By Tom Walters
Remember MySpace? You know, that big, friendly online place where we bragged about what bands we liked, whilst decorating our pages with glitter and trinkets. Now fast forward to the present day; what do you hear about it nowadays? That's right, not a sausage.
MySpace, despite it's recent relaunch, has fallen by the social network wayside like an old Ford Mondeo abandoned in the scrapyard. Facebook on the other hand has become nothing short of a cultural revolution, with world domination seemingly not only plausible, but almost guaranteed right? Wrong.
The Guardian has reported that, in the last two months alone, Facebook has lost over nine million users in the US and more than two million users in the UK. These are shocking statistics, especially for a company that as recently as six months ago, seemed to be heading to a point where its tentacles would reach every user with internet access, and stay there. What has happened to this phenomenon? Are people bored of it? Or are times changing so rapidly that Zuckerberg's baby has already aged?
Let's face it, if the unthinkable did happen and Facebook made a staggering fall from grace then it's not exactly like Zuckerberg would be out of pocket. As well as his vast personal wealth, Facebook's purchase of Instagram, this time last year, looks increasingly like a great bit of business. With 30million users and counting, the photo-sharing site gives an indication of the changing nature of how we interact with social media.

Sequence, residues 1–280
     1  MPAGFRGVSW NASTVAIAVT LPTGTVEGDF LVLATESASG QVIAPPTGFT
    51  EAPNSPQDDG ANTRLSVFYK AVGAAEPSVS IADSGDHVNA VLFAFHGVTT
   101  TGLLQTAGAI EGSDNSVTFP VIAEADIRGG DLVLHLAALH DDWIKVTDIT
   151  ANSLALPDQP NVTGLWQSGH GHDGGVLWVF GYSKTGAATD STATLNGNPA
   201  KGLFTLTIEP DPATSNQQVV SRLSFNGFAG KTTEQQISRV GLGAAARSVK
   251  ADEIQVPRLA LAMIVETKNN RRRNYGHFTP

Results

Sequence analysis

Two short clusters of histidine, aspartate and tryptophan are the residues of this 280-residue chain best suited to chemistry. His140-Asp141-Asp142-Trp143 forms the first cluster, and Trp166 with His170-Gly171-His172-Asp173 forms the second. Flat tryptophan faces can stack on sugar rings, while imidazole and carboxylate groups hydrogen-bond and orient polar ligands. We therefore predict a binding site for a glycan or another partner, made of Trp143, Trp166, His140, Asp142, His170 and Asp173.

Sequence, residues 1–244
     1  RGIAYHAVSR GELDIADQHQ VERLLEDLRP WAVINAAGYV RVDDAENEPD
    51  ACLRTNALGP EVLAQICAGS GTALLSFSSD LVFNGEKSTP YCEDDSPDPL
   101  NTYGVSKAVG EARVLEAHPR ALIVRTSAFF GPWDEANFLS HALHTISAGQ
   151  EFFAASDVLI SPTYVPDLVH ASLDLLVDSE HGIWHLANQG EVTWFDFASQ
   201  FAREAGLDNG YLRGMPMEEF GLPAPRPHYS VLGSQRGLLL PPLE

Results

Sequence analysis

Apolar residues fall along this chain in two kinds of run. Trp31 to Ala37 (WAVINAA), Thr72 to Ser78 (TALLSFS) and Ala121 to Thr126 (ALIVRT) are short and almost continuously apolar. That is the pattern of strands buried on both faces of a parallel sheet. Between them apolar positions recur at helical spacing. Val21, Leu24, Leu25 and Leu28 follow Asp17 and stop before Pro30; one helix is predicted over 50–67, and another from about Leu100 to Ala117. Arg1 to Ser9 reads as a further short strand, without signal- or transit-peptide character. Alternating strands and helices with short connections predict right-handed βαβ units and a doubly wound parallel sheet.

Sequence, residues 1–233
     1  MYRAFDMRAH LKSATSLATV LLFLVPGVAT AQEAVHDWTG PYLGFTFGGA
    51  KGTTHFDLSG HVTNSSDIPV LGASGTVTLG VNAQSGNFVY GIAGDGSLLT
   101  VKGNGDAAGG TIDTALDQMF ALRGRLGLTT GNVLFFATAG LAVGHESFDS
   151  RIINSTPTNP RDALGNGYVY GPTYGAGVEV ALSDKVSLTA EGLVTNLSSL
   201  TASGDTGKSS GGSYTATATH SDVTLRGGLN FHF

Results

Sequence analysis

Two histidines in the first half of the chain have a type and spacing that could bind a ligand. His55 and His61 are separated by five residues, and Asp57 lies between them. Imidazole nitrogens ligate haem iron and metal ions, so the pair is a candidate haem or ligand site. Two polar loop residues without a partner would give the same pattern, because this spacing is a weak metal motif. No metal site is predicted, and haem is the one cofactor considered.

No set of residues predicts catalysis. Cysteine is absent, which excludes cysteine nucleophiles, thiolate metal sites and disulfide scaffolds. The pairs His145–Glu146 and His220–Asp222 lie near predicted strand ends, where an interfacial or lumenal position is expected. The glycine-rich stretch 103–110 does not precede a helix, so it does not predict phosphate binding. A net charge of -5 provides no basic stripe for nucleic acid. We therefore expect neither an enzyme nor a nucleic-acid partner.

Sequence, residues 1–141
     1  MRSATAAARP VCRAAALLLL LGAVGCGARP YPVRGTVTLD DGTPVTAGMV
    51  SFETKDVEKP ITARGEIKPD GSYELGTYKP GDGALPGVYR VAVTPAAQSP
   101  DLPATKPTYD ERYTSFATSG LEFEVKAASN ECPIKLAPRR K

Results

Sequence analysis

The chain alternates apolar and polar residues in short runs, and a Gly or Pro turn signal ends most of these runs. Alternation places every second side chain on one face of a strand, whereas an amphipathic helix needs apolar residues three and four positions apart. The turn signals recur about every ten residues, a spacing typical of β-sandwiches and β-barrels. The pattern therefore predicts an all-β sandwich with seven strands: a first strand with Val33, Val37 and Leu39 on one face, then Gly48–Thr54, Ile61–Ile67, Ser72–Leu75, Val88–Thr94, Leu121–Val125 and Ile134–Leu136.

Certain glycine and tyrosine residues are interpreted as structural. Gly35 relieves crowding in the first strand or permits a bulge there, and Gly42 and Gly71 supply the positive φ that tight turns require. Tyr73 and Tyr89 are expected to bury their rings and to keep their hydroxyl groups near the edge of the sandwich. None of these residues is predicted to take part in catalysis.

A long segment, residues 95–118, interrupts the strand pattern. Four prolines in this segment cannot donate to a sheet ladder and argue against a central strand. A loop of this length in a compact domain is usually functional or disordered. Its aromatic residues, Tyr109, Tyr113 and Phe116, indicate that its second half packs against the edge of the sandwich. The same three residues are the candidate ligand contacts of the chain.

Alternative social network sites like Instagram and Path are becoming increasingly popular, especially among younger audiences. Instagram gives users the ability to paint their lives in a shimmering, filtered ray of light, even if, as is usually the case, their lives are just as mundane as the rest of us. Path is gaining a million users a week, with people attracted, amongst other reasons, to its limit of 150 friends; meaning no more irrelevant status updates from that friend of a friend about his gran's birthday day out in Leeds.
People are looking for simplicity, but are also beginning to want to move away from what is perceived as an increasingly boring concept. As one young man I spoke to simply put it, "People don't want to know about Geoff's dog or what breakfast that guy you once met in the SU had this morning". Times are a-changing.
With a growing audience in places like South America and a large, virtually untapped, Indian market in which to develop, Facebook's future is far from bleak. But if the reports are correct and the site continues to lose users in markets where it is currently established, it will need to evolve quickly. Poor and confusing privacy rights, unwanted advertising and an outdated interface, are all problems that Facebook needs to address, if they are to stop what is beginning to look like a slowly sinking ship.
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